Illawarra residents who turned on their taps to save parched lawns and gardens during September’s record-breaking dry conditions have sent the region’s daily water usage rates soaring.
Figures from Sydney Water show consumption rates across the organisation’s Illawarra operational area, between Waterfall and Gerroa, climbed to the highest levels in years last month.
The region’s water use peaked at 131 million litres on September 23 – the highest daily demand for the month of September since 2003, Sydney Water said.
Temperatures on September 23 climbed to an unseasonably-warm 34.4 degrees at Albion Park (beating the previous September high of 34.0 degrees set in 2006) and 31.1 degrees at Bellambi.
September 22 and September 24 were also days of high water use – 122 and 124 million litres, respectively.
Month-to-date water consumption for the first 26 days of September averaged 113 million litres in the Illawarra – 49 per cent higher than the region’s September 2016 demand of 76 million litres.
Sydney’s water use during September was also well above the norm.
However, Sydney Water’s hydraulic operations manager Robert Ius said the Illawarra’s water usage was “even more dramatic than Sydney this September when compared to September 2016”.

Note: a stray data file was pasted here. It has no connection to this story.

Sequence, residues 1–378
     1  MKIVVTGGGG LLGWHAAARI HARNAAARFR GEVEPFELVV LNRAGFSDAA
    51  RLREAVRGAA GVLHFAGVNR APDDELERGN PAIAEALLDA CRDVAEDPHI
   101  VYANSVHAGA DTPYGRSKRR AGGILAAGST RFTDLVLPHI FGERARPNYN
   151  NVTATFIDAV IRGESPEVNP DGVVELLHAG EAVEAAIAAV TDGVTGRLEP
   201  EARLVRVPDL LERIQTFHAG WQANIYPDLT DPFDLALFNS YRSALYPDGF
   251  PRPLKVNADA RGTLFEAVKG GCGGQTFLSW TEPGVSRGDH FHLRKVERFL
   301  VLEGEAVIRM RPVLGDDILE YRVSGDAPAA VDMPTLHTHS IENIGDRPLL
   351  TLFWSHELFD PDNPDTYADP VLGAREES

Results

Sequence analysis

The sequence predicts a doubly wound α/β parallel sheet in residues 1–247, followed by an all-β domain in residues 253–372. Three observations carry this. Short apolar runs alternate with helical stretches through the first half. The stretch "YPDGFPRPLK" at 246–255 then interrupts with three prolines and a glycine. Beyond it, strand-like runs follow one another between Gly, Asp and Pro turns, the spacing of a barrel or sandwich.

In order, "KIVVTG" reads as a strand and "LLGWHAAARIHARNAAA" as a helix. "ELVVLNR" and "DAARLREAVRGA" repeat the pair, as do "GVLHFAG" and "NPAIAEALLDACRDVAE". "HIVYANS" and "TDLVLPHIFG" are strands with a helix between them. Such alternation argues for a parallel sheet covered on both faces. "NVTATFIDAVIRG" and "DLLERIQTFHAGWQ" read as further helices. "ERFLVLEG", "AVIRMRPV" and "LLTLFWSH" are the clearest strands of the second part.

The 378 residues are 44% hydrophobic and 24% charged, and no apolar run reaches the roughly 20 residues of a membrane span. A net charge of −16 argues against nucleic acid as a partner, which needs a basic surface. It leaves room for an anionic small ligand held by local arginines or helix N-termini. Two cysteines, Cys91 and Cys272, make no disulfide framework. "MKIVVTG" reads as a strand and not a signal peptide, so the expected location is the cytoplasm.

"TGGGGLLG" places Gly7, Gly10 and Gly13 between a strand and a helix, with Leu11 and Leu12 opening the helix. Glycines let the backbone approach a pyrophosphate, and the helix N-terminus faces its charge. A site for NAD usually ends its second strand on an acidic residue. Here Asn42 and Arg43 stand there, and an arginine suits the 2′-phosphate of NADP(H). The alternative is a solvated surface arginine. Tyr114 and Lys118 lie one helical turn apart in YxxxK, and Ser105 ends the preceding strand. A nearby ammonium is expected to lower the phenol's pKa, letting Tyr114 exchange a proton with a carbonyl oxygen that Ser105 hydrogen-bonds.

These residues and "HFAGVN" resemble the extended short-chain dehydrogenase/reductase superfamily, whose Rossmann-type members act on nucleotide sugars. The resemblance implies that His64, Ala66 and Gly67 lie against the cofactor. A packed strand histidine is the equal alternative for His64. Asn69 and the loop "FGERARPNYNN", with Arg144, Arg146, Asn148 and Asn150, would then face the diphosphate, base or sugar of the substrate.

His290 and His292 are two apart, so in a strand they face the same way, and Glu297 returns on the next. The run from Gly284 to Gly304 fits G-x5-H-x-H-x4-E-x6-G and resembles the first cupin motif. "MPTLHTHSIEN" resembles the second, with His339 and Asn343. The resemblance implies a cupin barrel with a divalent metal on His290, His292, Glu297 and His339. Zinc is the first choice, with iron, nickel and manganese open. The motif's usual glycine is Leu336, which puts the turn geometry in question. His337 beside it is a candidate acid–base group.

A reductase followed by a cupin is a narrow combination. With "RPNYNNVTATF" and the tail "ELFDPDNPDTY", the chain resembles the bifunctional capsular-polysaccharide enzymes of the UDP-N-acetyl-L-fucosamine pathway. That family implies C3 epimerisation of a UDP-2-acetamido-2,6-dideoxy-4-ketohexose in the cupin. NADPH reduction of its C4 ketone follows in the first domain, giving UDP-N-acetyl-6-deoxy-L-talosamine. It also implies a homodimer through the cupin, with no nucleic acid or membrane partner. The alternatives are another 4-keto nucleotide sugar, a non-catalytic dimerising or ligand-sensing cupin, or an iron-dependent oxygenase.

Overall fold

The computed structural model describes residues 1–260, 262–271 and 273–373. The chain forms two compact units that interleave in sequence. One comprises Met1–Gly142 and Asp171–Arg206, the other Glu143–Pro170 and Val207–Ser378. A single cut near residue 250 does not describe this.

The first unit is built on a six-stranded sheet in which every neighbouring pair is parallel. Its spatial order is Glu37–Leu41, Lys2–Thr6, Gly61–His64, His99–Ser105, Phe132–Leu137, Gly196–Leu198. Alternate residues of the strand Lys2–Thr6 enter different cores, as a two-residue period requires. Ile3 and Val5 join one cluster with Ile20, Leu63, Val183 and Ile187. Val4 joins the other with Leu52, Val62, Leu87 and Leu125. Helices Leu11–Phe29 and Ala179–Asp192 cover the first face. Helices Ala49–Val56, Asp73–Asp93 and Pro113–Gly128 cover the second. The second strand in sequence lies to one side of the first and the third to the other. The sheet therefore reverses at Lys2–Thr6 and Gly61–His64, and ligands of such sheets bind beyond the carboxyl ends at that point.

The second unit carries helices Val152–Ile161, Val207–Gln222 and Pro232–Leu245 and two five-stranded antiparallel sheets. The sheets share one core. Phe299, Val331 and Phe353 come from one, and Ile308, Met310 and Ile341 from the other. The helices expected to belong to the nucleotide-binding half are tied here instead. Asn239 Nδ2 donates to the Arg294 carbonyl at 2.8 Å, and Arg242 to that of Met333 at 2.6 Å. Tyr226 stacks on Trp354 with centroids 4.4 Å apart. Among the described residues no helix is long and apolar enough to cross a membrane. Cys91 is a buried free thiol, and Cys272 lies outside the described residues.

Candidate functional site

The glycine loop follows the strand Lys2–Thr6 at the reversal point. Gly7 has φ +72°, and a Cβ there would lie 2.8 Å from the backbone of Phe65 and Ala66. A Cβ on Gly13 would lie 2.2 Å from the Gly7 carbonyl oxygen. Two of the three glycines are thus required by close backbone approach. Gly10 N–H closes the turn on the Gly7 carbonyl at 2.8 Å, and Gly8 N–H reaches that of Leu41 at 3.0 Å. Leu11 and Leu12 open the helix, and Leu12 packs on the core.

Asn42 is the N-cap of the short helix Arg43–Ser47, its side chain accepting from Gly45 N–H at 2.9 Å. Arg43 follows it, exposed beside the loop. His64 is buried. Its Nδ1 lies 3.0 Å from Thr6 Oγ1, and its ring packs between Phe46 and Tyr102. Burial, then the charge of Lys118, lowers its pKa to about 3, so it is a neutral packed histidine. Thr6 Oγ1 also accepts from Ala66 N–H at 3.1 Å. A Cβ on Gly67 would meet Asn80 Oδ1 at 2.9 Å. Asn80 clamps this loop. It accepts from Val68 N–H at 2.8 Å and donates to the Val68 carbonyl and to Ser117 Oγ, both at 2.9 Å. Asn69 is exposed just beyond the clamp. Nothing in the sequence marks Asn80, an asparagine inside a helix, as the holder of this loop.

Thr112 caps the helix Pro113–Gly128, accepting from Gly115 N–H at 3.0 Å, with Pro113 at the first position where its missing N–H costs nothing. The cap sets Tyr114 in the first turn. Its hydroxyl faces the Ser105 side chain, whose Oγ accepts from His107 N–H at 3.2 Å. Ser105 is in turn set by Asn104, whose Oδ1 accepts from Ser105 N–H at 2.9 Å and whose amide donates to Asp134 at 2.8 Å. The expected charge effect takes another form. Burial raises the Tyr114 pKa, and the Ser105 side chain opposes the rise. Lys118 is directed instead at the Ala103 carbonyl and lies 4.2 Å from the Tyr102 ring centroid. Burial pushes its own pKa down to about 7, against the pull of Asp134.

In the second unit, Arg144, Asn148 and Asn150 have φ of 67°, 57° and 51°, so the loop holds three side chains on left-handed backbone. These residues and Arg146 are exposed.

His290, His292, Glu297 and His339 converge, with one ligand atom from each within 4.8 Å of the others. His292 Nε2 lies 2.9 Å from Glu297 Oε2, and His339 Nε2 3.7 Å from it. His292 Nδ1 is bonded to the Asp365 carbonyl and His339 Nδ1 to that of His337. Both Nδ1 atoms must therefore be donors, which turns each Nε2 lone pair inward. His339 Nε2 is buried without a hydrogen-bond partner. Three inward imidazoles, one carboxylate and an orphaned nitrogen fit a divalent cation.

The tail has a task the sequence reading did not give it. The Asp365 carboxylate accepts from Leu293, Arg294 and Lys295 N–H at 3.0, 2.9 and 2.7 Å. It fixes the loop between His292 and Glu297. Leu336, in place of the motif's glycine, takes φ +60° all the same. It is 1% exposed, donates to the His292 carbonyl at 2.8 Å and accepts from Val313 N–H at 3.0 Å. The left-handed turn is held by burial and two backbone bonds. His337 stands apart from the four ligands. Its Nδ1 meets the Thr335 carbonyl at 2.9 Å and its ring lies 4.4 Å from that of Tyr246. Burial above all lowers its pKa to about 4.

“Like the Sydney area, this can be attributable to both drier lead-in months and the difference in rainfall levels between last year and this year,” Mr Ius said.
Just 24.4mm of rain fell at Bellambi during the three months from July to September.
To put that into perspective, more than 10 times that amount (267.4mm) fell in the same period last year.
The Bureau of Meteorology’s Bellambi weather station had its lowest September rainfall in 21 years of records last month, with just 0.4mm landing in the gauge.
The meagre total fell on one of the month’s 30 days. The previous September low was 6.4mm in 2002 and the monthly average is 54.4mm.
The rainfall figure wasn’t the only record broken at Bellambi during September.
The suburb also recorded its highest daily minimum temperature for the month, with the low of 20.6 degrees on September 24 beating the previous high of 19.7 in 2013.
Inland, not a drop of rain was recorded at Albion Park, delivering the driest September since records began at the Wollongong Airport weather station in 1999.
September is typically the driest month of the year at both locations.
The Albion Park and Bellambi weather stations have only operated for about two decades.
The longer-running Wollongong Post Office station, which closed in 1953, recorded two rain-free Septembers – in 1873 and 1882.
No plan to enforce restrictions
Illawarra households will be spared water restrictions – for now – despite the region’s ongoing dry and unseasonably-warm weather.
The decision by Sydney Water not to impose any water-use restrictions comes as the Shoalhaven faces a return to usage limits for the first time in seven years.
Shoalhaven City Council last week warned stage one water restrictions were just six weeks away, due to a lack of rainfall affecting flows in the Shoalhaven River.